Rep. Eric Burlison (R-MO) also pushed Grusch on some of these statements. "You've said the U.S. has intact spacecraft. You said that the government has alien bodies or alien species. Have you seen the spacecraft? [...] Have you seen any of the bodies?" Burlison asked.
"That's not something I have witnessed myself," Grusch replied. But he answered a subsequent question by stating definitively that, when it comes to UAP crash retrievals, "biologics came with some of these recoveries." Rep. Nancy Mace (R-SC) pushed Grusch if he meant human or non-human. "Non-human, and that was the assessment of people with direct knowledge on the program I talked to," Grusch replied.
Grusch added in response to a later question from Burchette that he is aware of "reverse-engineering programs for non-terrestrial craft."
In his testimony, Graves told the committee that UAP are severely under-reported in American airspace. "These sightings are not rare or isolated. They are routine," Graves said. "Military aircrew and commercial pilots — trained observers whose lives depend on accurate identification — are frequently witnessing these phenomena." Graves described how Naval aviators operating on the U.S. East Coast witnessed objects that appeared to stay stationary in the face of hurricane-force winds before suddenly accelerating to supersonic speeds.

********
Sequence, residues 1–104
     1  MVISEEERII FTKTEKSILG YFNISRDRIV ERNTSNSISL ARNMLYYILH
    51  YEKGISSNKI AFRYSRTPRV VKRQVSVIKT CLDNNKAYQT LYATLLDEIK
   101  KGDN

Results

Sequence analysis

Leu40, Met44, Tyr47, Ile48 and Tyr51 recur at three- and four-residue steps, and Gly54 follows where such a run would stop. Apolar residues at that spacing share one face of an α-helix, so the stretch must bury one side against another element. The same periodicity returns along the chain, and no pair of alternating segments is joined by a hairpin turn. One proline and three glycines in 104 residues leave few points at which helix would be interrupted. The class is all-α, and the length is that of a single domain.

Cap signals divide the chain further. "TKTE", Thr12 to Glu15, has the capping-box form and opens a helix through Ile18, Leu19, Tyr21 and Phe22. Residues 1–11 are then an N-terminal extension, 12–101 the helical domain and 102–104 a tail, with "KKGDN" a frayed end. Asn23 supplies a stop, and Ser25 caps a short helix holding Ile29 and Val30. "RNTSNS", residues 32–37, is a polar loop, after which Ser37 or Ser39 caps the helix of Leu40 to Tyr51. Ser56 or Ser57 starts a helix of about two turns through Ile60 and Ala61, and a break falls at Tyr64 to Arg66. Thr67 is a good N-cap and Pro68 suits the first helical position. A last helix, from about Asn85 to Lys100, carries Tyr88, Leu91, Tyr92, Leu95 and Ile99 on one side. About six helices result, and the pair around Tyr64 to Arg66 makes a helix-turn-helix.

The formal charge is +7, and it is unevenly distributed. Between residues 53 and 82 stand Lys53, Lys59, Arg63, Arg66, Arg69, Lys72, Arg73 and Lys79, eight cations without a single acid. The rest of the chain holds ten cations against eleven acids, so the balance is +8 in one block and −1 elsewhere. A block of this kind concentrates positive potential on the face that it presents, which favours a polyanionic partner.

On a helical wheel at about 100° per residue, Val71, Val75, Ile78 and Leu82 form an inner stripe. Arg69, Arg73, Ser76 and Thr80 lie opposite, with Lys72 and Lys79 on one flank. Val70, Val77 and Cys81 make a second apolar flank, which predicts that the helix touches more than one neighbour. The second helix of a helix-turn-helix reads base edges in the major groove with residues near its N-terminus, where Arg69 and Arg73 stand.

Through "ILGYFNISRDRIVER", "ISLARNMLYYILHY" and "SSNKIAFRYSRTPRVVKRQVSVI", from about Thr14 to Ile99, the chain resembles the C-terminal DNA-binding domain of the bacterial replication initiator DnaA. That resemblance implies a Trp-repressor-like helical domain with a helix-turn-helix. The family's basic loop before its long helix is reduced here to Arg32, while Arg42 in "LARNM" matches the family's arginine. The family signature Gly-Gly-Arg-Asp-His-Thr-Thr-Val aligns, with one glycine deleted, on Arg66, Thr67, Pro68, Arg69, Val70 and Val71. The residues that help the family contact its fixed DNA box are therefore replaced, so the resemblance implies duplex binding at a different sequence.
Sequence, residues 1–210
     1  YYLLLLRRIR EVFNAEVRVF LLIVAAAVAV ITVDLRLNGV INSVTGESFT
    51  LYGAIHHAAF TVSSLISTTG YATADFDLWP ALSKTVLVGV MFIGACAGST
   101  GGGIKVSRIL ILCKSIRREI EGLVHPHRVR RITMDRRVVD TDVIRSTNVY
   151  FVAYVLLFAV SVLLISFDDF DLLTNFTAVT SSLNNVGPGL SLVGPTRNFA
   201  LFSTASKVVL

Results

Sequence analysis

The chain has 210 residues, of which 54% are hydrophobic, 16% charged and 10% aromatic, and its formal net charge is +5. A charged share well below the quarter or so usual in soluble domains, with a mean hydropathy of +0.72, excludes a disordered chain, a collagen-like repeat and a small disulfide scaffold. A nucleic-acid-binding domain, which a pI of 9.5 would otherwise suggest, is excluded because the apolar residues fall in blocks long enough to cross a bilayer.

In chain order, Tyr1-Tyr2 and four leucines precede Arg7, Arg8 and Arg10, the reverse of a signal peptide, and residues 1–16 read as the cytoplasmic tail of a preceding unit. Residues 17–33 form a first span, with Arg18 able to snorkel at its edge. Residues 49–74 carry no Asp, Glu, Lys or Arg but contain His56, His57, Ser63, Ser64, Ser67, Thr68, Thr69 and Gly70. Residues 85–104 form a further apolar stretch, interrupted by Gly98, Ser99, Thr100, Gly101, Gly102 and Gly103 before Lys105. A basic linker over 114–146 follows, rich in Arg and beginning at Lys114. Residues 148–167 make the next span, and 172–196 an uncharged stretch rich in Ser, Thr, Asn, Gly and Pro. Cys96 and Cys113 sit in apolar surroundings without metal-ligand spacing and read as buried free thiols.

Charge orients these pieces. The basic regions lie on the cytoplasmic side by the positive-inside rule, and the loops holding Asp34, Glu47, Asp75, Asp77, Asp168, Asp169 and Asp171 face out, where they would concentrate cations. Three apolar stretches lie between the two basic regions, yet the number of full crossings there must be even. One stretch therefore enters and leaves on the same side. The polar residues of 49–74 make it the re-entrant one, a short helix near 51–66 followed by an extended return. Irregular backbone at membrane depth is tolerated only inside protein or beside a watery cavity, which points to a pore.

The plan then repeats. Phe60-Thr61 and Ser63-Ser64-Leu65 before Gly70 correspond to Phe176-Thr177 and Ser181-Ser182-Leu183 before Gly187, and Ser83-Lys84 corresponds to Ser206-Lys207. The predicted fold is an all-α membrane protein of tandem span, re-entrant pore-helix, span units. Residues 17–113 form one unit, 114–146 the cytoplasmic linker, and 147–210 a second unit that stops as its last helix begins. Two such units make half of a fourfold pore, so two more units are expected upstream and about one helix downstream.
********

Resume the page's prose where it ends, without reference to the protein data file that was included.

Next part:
Despite the extraordinary nature of these sightings and their proximity to U.S. military airspace, Graves said that he and his colleagues, not to mention other pilots who have had similar encounters, have historically been hesitant to report them. "The stigma attached to UAP is real and powerful and challenges national security," Graves told the committee. "It silences commercial pilots who fear professional repercussions and discourages witnesses. It is only compounded by recent government claims questioning the credibility of eyewitness testimony. "